Disruption in adland
How everything has already changed, how advertising needs to adapt, and three life lessons for our children to survive the future.
Words by Sam Orrin, senior partnerships manager at NABS
On the hottest February night on record, NABS pulled in 20 of the most reputable names in adland to inspire a packed room of rising stars for the latest in our series of NABS Talks. The aim? To help us all get our heads around what the Shape of 2019 really might look like.
This time we tried something new, splitting our panellists into four interactive panels covering Wellbeing, Diversity & Inclusivity, Disruption & Reasons to be Cheerful. Each of the expert panels gave their views, with their audiences then following up with agreements, disagreements and views of their own.
For anyone who’s ever been to Advertising Week, Festival of Marketing or other big industry events – think that – but the audience are one metre away from the stars on stage and can butt in whenever they wanted to say anything. It was pretty cool.
Having worked for a tech company that disrupted the way the majority of London’s ad agencies work prior to joining NABS, I chose to join the Disruption panel. What actually is disruption? Are agencies safe? Are our jobs safe? How will technology change the consumer landscape, and the human race?! All in a Tuesday night’s work for the panel and their keen audiences.
Sorry, what exactly is disruption?
Disruption has previously been smaller companies creating new ways of working and thinking, taking on an incumbent. David versus Goliath. Think Amazon, Airbnb, Uber, Monzo; versus shops, hotels, taxis and banks, respectively. Now the majority of these “small” and “new” companies are anything from 5-20 years old, as well as tech giants Facebook and Google, which have both ultimately disrupted the way we live our lives. The advertising industry now needs to move forward and look at the positive uses and outcomes of everyone being on these platforms, in this new digital and social world. Traditional advertising and ways of thinking aren’t going to quite cut it, I’m afraid.
Start with some perspective, because you ain’t seen nothing yet. Before we worry too much about how technology is disrupting us in UK adland, we need to get out of our London bubble and take on ideas from the East. China and East Asia are already developing and scaling digital products and changing the consumer landscape far faster than the West, and are years ahead already. Examples mentioned included Alibaba, WeChat, Tik Tok, all of which are totally changing customer experience and the way consumers purchase and view brands. In fact it’s not just Asia, look to any region that isn’t overly protective of data privacy, both legally and from a consumer point of view. Africa, Middle East and India are huge growth markets for brands as consumers happy to share data for new innovations.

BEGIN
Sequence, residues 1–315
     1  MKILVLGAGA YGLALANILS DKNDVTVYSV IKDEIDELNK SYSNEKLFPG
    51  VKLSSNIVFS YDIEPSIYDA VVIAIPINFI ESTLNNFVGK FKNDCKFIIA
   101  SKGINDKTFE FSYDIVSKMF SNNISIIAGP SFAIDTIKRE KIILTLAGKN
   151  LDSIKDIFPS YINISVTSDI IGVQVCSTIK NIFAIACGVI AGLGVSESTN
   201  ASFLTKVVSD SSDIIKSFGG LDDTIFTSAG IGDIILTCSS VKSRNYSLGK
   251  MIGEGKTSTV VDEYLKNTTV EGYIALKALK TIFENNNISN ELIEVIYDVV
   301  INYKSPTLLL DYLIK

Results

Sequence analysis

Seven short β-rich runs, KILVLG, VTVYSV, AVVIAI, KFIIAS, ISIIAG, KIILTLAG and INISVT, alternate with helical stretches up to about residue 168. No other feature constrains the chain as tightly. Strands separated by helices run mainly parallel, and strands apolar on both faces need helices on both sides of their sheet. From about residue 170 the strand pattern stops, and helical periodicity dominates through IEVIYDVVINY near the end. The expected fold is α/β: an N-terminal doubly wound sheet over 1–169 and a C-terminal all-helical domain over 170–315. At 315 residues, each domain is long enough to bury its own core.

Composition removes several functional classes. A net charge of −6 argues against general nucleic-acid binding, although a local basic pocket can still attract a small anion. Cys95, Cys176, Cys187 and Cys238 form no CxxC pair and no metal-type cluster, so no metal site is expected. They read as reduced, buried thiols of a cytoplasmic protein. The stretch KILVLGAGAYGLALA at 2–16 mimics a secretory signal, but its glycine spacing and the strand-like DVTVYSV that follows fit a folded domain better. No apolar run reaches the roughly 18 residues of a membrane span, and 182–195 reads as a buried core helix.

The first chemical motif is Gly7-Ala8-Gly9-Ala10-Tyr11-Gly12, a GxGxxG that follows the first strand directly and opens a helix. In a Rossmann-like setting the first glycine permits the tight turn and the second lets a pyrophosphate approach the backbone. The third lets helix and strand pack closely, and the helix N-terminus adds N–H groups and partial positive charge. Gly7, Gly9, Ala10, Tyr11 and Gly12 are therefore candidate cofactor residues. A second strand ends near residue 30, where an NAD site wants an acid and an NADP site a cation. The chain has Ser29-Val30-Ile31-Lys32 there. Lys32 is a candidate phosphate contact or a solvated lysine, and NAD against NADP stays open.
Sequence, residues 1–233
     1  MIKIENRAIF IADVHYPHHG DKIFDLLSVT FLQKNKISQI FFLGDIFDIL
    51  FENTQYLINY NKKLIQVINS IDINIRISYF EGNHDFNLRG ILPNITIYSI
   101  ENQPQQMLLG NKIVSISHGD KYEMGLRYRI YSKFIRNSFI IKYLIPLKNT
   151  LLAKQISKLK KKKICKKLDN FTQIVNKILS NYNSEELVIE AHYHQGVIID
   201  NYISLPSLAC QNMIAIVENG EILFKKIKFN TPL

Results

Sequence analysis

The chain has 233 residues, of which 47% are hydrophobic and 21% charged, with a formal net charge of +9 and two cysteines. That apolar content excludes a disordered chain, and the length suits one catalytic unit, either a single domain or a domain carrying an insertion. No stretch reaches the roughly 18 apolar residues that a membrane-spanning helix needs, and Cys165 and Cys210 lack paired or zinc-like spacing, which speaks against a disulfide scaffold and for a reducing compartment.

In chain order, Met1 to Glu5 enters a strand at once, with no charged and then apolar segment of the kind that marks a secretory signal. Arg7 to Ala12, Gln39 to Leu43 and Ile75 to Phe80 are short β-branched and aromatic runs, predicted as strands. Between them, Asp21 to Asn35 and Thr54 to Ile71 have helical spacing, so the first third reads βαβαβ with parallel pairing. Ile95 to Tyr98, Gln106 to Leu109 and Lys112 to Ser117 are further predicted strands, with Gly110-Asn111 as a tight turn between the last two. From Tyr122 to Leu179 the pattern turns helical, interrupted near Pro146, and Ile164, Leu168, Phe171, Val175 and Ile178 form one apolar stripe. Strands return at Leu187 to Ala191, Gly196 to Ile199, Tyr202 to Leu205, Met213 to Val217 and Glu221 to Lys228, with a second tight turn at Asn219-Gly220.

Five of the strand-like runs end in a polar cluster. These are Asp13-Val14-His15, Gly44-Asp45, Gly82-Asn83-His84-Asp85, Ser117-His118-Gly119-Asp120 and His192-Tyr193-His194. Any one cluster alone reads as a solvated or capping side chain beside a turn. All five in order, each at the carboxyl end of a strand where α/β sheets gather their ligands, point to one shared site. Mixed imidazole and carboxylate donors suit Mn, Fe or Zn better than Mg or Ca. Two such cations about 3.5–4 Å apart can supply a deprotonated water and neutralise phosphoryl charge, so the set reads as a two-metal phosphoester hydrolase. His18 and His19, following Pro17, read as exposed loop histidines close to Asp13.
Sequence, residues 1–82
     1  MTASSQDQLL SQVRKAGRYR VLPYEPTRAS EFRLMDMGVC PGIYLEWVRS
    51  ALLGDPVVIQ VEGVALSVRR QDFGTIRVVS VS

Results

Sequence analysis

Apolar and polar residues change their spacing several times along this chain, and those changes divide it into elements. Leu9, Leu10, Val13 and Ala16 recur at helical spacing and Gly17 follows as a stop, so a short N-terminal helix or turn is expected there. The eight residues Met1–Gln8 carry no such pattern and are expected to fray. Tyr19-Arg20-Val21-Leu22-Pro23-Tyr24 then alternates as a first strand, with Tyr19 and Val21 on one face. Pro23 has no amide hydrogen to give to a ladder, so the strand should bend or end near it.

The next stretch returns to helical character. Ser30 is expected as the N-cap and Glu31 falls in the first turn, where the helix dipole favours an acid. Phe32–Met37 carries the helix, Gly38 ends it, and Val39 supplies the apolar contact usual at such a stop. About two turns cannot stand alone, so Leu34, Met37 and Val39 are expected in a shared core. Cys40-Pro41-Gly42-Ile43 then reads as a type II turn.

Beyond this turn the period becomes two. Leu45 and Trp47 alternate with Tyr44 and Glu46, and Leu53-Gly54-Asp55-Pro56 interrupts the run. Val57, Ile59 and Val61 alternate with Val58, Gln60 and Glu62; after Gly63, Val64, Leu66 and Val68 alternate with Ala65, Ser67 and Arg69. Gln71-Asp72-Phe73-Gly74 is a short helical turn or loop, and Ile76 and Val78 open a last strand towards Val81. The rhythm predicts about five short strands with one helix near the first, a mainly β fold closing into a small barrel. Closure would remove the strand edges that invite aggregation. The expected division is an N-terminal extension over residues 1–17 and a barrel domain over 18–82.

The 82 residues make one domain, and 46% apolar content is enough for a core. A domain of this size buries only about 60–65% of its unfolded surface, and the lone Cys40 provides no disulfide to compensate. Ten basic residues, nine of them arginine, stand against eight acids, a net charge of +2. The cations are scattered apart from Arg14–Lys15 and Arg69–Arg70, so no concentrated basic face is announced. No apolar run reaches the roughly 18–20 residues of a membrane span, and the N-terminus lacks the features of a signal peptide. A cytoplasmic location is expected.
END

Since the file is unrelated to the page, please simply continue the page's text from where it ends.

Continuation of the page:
Social + Commerce = The Future
Commerce is becoming or has already become very much digital in the West, but again look to how Asia’s companies have really integrated technology into the way humans interact, come together and how brands and e-commerce effortlessly become part of the conversation. Buying has never been easier, whereas the West are still looking at advertising as content and display. Even Amazon just isn’t where the big Chinese e-commerce platforms are today.
Marketeers have to keep an eye on the trend towards encrypted messaging platforms, as consumers become wary of the data they give to search and social platforms. What this could mean for advertising could be absolutely vital.
Because you can’t talk about disruption and technology without mentioning blockchain, can you? Note: Blockchain does not mean cryptocurrency. Blockchain can and will change processes, cut out the middleman and drastically increase efficiencies, productivity and data trails; adding big value to supply chains and the transfer of information. For the communications industry, this means more data on our customers’ journeys and more opportunities to really understand our customers. However, with all of this data, we need to be responsible for privacy or we’ll experience tighter government regulation.